Justin and Harry are Doctors who each own successful practices and surgery centers. Justin feels like he is paying too much for his group’s medical malpractice and commercial liability insurance policies. After our firm introduced Justin to an attorney and actuary who specialize in CICs, he hired them to create a CIC to issue policies that cover the least significant, most common medical malpractice and commercial liability claims (under $100,000 per occurrence). These self-insured policies significantly reduced his existing insurance premiums because he then had much higher deductibles for his third-party insurance policies.
Justin believed he could reduce his insurance premiums to commercial insurance companies, implement successful risk management programs, reduce the claims of the center, and reduce his total overall payments and costs. Ultimately, he hoped that the CIC would help him increase the profits of the center. He was right. While a significant portion of the $1.5 million in total payments was paid out to cover claims, there was still over $1 million in his CIC reserves after five years.
Justin also created the CIC owned by a Trust for his family. This way he was able to build the wealth created by the CIC out of his taxable estate.
Harry had a different approach. He established a CIC to insure lesser risks that were not covered under commercial insurance. These policies included Medicare fraud defense, HIPAA litigation expense, and malpractice defense policies (which are available only to pay for the company’s legal fees, but not to pay claimants). After five years, Harry’s CIC did not pay any claims. At this point, the premiums are still growing as reserves of the CIC to be used to pay future claims.
Harry is also considering bringing younger partners into his practice. He plans on using the CIC as part of an exit strategy for his practice as well, with each new partner responsible for paying some of his buyout—from both the practice and the CIC.
The purpose of the case study is to demonstrate that clients can purchase policies from their CIC that are similar to policies offered by traditional third-party insurers or can purchase less common policies. In either case, CIC owners have an opportunity to enjoy powerful asset protection, tax, retirement, and estate planning advantages from using a CIC. In essence, the question for the client becomes:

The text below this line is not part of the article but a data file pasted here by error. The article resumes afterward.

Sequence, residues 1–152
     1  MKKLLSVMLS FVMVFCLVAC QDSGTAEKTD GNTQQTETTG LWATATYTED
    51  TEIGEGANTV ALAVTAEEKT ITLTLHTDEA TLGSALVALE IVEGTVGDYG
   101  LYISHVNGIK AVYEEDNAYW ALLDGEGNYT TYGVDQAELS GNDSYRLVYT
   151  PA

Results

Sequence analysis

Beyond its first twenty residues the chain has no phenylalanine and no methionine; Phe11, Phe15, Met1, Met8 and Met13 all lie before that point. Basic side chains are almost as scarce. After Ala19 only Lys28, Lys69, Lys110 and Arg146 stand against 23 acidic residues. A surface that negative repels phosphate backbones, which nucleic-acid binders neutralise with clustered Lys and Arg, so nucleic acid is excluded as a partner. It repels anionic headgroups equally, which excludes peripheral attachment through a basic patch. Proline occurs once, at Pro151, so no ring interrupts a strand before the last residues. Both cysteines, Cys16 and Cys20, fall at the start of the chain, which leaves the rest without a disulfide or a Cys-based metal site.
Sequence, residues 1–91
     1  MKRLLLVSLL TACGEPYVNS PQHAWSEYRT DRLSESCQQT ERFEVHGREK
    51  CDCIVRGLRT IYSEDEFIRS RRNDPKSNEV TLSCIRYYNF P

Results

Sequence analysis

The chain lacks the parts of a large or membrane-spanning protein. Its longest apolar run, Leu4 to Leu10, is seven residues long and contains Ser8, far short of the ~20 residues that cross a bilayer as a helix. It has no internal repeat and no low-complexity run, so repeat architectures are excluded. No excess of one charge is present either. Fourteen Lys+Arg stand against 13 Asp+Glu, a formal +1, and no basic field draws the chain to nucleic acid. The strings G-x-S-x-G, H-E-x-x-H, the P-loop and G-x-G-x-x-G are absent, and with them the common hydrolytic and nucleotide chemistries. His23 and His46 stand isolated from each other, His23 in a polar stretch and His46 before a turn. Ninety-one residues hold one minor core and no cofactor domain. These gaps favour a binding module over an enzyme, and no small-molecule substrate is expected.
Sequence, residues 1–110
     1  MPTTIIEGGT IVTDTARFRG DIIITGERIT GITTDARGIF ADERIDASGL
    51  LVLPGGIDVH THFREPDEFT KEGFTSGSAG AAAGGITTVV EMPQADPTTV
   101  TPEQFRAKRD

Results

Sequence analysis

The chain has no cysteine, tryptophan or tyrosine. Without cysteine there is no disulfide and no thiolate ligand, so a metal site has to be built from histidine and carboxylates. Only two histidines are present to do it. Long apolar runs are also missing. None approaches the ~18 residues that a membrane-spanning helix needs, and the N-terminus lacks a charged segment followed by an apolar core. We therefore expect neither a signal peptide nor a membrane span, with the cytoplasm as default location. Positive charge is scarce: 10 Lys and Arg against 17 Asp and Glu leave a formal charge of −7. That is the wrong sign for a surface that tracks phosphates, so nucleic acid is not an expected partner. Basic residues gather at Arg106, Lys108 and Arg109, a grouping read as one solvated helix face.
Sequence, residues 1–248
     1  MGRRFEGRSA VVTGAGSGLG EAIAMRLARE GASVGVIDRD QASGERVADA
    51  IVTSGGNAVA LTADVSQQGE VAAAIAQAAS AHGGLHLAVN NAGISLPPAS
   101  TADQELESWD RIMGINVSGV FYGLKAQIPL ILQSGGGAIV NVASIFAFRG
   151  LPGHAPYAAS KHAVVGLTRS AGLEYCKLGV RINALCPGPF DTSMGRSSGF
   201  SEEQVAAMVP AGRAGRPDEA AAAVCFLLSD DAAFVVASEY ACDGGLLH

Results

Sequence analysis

If you are going to use insurance to protect against risk, why give away the potential profits, asset protection, and tax and estate planning benefits when you do not have to?
Let’s more closely examine a few of the benefits of having a CIC.
CIC Compared To Self-Insuring—The “Rainy Day Fund”
Because our society has become so litigious, many Doctors have been “self-insuring” against potential losses like the ones named above. These clients have simply saved up funds to be used to pay any expenses that may arise from a risk. This is the proverbial “rainy day fund.” While a rainy day fund may prove wise, the client would be better off using a CIC to insure against any risks. This is because premiums paid to the CIC enjoy the highest levels of asset protection (+4/+5), can be structured to grow outside the taxable estate, can be structured to layer into a practice exit strategy, and can enjoy tax advantages as well. None of these benefits are found with the “rainy day fund.”
Avoiding Land Mines
The CIC structure must be properly created and maintained. If not, all risk management, asset protection, estate, practice and tax benefits may be lost. For these reasons, using professionals who have expertise in establishing CICs for clients is critical. It is especially important that the right attorneys and insurance managers are involved. While using such experts and a real CIC structure may be more expensive than some of the cheaper alternatives being touted on the Internet or at fly-by-night seminars, this is one area where “doing it right” is the only way to enjoy the CIC’s benefits and be 100% compliant with Federal and local laws and regulations.
Doctors face various financial threats that range from operational problems to exit strategy challenges and from lawsuit threats to increasing operational costs. Astute Doctors not only want to mitigate these risks, but to do so in an efficient manner. For these reasons, Doctors who own very successful practices use captive insurance companies (CICs). A CIC can be a valuable tool in addressing many of a Doctor’s planning challenges at one time. In fact, perhaps no other tool described in this book can impact a client’s overall wealth protection and long-term accumulation as much as a CIC. Once you read the rest of the book and understand all of the available planning options, you will have a greater understanding and appreciation of the value of a CIC.